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by C. Scott Littleton

This volume boldly proposes that the core of the Arthurian and Holy Grail traditions derived not from Celtic mythology, but rather from the folklore of the peoples of ancient Scythia (what are now the South Russian and Ukrainian steppes). Also includes 19 maps.
Download From Scythia to Camelot: A Radical Reassessment of the Legends of King Arthur, the Knights of the Round Table, and the Holy Grail (Arthurian Characters and Themes) epub
ISBN: 0815335660
ISBN13: 978-0815335665
Category: Literature
Subcategory: History & Criticism
Author: C. Scott Littleton
Language: English
Publisher: Routledge; 2 edition (April 30, 2000)
Pages: 424 pages
ePUB size: 1639 kb
FB2 size: 1668 kb
Rating: 4.9
Votes: 811
Other Formats: mobi docx lit rtf

The notion of an Iranic superstrate informing aspects of the Arthurian cycle of legends is fascinating and, as a read of some of the other reviews here suggests, is the conceptual equivalent of ramming a Sarmatian lance lengthwise through one of the sacred cows of western literature. The mental discomfort and squirming Littleton and Malcor's theory causes various subconciously xenophobic readers is probably justification enough for the book.

Sadly, while their theory is fascinating, I am not convinced after reading the book, even if the idea is fascinating.

Malcor and Littleton point out a number of parallels to Arthurian legends found in the Nart sagas among the Ossetians in the Caucasus mountains. The modern day Ossetians are the descendants of the steppe nomads, beginning with the Scythians, who spoke languages from the North-Eastern branch of the Iranian language family (of which Ossetian is the sole surviving example) and whose complicated history with more settled European populations in the Balkans and western Europe is attested as far back as Herodotus. The parallels between the Narts and King Arthur and the Knights of the Round Table are pervasive enough that they suggest a relationship rather than independent evolution or random use of common folkloric motifs resulting in similar outcomes.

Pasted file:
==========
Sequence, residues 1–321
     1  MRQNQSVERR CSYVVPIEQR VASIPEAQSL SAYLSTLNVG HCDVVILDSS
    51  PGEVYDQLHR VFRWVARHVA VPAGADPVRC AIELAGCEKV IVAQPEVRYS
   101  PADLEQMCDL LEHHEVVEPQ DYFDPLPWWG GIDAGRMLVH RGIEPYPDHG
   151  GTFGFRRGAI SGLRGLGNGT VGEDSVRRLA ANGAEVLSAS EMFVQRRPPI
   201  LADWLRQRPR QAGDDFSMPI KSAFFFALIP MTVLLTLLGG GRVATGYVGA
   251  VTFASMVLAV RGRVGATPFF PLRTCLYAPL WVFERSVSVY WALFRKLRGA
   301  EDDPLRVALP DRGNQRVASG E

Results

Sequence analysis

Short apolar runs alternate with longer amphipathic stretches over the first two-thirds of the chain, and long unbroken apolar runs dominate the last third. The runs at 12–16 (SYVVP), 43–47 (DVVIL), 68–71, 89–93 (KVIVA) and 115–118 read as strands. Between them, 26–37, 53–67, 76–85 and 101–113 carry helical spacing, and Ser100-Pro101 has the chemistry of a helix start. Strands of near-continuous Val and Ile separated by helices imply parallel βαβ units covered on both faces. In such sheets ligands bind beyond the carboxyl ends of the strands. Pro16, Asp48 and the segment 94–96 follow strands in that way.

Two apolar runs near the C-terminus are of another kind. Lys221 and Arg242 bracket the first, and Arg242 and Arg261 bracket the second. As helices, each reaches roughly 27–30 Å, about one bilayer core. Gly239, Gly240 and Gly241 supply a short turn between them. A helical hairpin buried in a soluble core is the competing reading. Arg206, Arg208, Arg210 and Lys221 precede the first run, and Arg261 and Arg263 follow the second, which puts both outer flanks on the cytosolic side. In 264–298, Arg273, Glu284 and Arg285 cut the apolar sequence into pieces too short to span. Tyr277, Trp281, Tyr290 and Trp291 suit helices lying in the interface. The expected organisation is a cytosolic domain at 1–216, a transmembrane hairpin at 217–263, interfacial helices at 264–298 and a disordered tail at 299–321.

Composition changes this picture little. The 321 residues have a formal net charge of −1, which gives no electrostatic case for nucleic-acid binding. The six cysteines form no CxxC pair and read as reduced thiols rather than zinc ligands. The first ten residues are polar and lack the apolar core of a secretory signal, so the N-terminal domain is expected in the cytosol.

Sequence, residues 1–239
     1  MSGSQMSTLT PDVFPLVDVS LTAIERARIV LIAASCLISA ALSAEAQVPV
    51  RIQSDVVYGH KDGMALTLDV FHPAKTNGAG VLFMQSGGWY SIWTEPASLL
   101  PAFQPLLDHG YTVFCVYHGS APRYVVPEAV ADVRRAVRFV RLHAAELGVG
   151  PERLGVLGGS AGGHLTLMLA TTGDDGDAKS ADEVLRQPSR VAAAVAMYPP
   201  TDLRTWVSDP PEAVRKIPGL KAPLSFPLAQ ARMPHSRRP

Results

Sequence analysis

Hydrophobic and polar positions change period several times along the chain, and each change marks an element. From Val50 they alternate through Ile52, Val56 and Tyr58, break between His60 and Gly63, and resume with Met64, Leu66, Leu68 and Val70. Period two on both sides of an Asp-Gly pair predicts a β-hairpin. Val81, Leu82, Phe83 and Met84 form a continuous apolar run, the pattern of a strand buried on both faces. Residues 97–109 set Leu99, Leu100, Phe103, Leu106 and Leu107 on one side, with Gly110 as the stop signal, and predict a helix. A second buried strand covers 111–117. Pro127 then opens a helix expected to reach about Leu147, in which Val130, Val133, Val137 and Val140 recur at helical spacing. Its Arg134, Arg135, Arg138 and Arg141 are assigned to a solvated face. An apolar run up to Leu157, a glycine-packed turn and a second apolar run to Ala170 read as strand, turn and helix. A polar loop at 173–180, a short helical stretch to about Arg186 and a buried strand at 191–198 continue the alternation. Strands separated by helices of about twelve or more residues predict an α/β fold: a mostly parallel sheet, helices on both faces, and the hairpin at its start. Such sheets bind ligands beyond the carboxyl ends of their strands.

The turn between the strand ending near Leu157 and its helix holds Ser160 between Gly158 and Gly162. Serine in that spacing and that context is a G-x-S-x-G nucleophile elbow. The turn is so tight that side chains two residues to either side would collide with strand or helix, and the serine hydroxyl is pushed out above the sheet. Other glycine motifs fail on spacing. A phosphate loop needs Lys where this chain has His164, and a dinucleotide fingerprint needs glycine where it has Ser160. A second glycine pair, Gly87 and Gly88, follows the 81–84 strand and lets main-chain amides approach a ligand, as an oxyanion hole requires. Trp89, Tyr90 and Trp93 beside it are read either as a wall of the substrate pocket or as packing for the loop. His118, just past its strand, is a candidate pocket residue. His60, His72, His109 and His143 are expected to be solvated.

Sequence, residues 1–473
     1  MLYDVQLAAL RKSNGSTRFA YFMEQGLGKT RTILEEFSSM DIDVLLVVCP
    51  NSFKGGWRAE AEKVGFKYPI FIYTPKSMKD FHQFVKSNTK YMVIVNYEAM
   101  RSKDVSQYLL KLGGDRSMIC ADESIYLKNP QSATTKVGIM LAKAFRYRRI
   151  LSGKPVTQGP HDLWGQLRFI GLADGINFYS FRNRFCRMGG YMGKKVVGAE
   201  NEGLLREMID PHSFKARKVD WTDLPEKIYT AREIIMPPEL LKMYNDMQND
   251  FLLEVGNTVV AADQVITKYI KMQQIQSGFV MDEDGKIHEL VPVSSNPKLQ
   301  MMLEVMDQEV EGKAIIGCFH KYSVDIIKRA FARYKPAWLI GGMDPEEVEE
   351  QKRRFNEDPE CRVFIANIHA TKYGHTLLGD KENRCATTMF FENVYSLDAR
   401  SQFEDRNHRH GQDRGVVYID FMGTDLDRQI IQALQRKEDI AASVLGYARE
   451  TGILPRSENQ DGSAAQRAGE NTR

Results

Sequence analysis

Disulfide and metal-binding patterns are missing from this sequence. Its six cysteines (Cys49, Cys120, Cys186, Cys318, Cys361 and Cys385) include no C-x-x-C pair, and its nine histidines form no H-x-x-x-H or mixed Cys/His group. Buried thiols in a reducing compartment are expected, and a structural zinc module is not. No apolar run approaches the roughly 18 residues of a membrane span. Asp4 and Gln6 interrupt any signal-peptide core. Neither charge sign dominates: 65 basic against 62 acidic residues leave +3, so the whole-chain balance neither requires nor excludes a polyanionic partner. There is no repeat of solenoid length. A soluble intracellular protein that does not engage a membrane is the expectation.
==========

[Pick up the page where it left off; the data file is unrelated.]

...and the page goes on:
Arguing that the Arthurian legends are based, at least in part, on legends from the Eurasian steppes, Malcor and Littleton then set about putting forward a model to explain this development. There are largely two components to their theory. The first is that British legends pertaining to King Arthur are influenced both by the individual figure of a Roman officer, Lucius Artorius Castus, and the auxiliary force of 5500 Iazyge cavalry imported to Britain from the steppes he may have commanded in northern Roman Britain on or near Hadrian's Wall. The second avenue for introducing steppe elements into the Arthurian romances are the Alans, another Iranic steppe tribe (likely related to the Iazyges enough that they would share religious and mythical beliefs) who overran parts of Roman Gaul (including Brittany) and northern Spain in the closing days of the western Roman empire.

The first element, the potential contribution of the Iazyges to the mythology of the British Isles seems to be the higher profile half of the story (i.e. Antoine Fuqua's 2004 film _King Arthur_), the part that gets fans of Arthurian legends most bent out of shape, and, from reading this book, the less tenable of the two possible routes of introducing a steppe/Iranic substrate into the stories. The problem is that, while Littleton and Malcor present evidence suggesting a prolonged presence of the Iazyges in northern Britain after their arrival ca. 175 AD, written records in Britain become minimal to non-existent after the Romans abandoned the province and by the time the situation improves the Iazyges are no longer on the scene as an identifiable group. Proof for (or against) the Iazyges playing a role in formulating early versions of what would become some portion of the Arthurian legends seems scarce, and reading _From Scythia to Camelot_ did not convince me that A) Lucius Artorius Castus did anything we can document which would result in him being locally famous for centuries, whether in northern Britain in general or among the Iazyges auxilaries or B) that there is evidence that the Iazyges either directly had a significant cultural impact in northern Britain or left a lasting impression on the native population. Given the paucity of good records, there is not evidence *disproving* this idea, but obviously the burden of proof is on the theorist to prove their case, rather than to point out that nothing rules out their hypothesis.

The potential cultural influence of the Alans in France seems like a stronger argument. The Alans, like the various Germanic tribes they mingled with (modern "Catalonia" is possibly derived from "Goth-Alania," for instance), had a complicated relationship with the late Roman Empire -- sometimes fighting as mercenaries for the Empire, sometimes fighting against it, and sometimes being unofficial states within the state in uneasy equilibrium with the Roman government. One of the regions they settled was northwestern France, in Armorica and Brittany (where many of the itinerant bards and poets who most likely circulated the oral traditions that were the kernel of the Arthurian romances originated from -- and where British/Welsh speaking immigrants from Britain who gave the province its modern name would have mingled with Iranic-speaking Alans after the collapse of Roman authority).